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with Don Blazer
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Copyright © 2015
What Foot Goes Where?
Don Blazer

           Horses are good for a lot of things.  They are good to pet, and feed, and brush and blanket.  But when you get right down to the nitty-gritty, they’re best for “movin’.”

          When mankind first met the horse he thought the horse was best for “eatin’.”  But he soon discovered—every time he tried to catch a bite—the horse was best for “movin’.”

          Horses and mankind have been doin’ a lot of movin’ together for the past 5,000 years, and yet, amazingly few horsemen actually know how a horse moves.  Sure, sure, sure he puts one foot in front of the other, and off he goes.  Sure, sure, sure the muscles move the bones; but what we need to know is how them bones gonna move and where.

          The majority of people who own horses cannot tell you the sequence of the footfall for the walk, jog or lope; or the walk, trot and canter. 

          There is a difference, you know, between the jog and trot, and the lope and canter, and the difference isn’t the kind of saddle on the horse’s back. 

          The jog and lope are western gaits, in which the flight of the foot travels a more rounded arc and the horse covers less ground, essentially moving forward more slowly.  Both the jog and lope are unnatural gaits and must be learned by the horse. (The western horseman wants a slow moving horse when pushing cattle so he doesn’t run all the fat off the cow and all the money out of the bank.)

          The flight of the foot during the trot and canter is much more natural and follows a longer, lower path.  (The English rider doesn’t care about fat cows; he just wants to catch the quick, brown fox.)

          Even though horsemen have watched horses walk for years, most don’t seem to know how the horse does it.  The most common error is thinking the horse begins walking by moving the front foot.  He does not.

          All of a horse’s action initiates in the hindquarters.

          The hindquarters push the horse forward, the horse loses balance and reaches forward with a front leg to catch himself and reestablish his equilibrium.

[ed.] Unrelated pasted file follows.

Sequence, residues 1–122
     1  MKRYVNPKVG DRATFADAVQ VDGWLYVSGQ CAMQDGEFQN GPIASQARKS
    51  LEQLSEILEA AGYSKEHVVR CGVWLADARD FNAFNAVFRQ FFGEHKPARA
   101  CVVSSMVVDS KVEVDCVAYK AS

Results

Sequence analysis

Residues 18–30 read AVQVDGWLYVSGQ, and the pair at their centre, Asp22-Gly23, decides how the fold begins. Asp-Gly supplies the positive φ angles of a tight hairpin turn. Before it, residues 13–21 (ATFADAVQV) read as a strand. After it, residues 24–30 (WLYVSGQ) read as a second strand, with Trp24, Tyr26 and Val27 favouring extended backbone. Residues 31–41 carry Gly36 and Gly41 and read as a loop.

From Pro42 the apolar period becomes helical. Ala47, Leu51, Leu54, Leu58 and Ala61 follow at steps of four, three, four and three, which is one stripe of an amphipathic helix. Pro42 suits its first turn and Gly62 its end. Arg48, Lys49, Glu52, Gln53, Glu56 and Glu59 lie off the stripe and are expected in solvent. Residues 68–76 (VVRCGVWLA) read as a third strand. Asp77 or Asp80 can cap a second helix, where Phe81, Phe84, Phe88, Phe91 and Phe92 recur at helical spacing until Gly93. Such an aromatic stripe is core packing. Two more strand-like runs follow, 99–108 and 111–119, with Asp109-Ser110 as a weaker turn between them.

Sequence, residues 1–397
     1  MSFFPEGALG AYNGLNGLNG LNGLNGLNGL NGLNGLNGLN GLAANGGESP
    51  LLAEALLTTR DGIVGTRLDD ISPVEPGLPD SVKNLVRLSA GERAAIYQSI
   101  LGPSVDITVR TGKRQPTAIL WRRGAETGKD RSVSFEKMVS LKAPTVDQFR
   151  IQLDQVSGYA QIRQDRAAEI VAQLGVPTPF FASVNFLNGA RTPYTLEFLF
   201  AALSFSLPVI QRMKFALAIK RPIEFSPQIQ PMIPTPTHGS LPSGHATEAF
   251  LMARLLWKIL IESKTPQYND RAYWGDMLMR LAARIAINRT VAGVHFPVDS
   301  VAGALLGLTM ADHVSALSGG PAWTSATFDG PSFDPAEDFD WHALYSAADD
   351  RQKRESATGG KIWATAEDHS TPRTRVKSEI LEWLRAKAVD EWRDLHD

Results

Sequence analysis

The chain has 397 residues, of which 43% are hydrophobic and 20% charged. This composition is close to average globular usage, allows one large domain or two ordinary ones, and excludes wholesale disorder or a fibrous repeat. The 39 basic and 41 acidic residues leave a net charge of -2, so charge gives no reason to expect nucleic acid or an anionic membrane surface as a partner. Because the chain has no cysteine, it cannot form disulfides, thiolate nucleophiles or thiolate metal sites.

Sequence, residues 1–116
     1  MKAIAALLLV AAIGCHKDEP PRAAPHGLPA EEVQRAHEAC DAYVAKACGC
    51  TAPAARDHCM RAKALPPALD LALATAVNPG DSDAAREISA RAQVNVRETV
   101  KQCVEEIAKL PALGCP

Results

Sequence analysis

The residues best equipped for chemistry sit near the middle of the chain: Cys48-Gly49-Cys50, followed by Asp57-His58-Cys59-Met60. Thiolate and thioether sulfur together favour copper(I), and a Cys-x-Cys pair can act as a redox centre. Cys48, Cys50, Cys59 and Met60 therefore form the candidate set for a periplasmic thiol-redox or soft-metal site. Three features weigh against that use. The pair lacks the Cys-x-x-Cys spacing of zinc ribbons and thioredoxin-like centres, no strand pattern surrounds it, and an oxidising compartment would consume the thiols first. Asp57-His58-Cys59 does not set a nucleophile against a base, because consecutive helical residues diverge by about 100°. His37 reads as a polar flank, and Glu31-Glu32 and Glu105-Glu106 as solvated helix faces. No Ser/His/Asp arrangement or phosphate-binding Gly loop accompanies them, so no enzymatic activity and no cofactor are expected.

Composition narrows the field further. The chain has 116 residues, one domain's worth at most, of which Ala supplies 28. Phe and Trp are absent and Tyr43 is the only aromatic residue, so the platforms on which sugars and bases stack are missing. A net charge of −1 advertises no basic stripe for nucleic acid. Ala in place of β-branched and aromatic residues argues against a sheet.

The sequence of strides at the four-beat walk might be left hind, left fore, right hind, right fore.  The front foot begins moving before the hind foot strikes the ground in its new position because a god horse over-strides his front foot print with his hind foot.  If the horse doesn’t over-stride, he is said to be short behind—a good indication he may have a lameness.

          The trot is a two-beat diagonal movement.  The action is still initiated in the hindquarters, but in this case a front leg moves simultaneously.  The horse may begin the trot by moving his right hind and left fore together, then the left hind and right fore together.

          There is no over-striding in the trot, and the horse must shorten his body and elevate the flight of the hoof.  The jog is essentially a very short forward movement while the trop should have good extension.

          The lope or canter is a three-beat gait in which one side of the horse’s body is extended (the leading side) and the other side is contracted (the pushing side).

          The sequence of strides for the left lead begins with the right hind foot which takes a short (pushing) stride.  The left hind and the right fore then move together.  The left hind is an extended stride, while the right fore is a short stride.  The final (third) beat is the left fore, which moves on a long stride.

          Horses also pace, which means they move both legs on the same side at the same time.  Sometimes it is natural; mostly it is cultivated.  If you have a horse which is not a pacer (Standardbred), and he paces, it usually means he is hurting somewhere.

          Some horses single-foot.  A single-foot is a very smooth four-beat gait which could also be thought as a very fast walk.

          “Gaited” horses essentially walk, trot and canter, but with very exaggerated and flashy foot flight.  There are some naturally gaited horses, although the excessive action seen in show competition can be man-enhanced.  The flashy action in many competitions featuring gaited horses can be the result of painful training and shoeing techniques, not nature.

          The standard reply of horsemen who don’t know how a horse moves or the sequence of strides at a particular gait is, “So, what?”

          So the horse knows where his feet are supposed to go.  But when the rider doesn’t, the horse is restricted, hindered, made to move incorrectly, and put under strain and can be injured.  “That’s what!”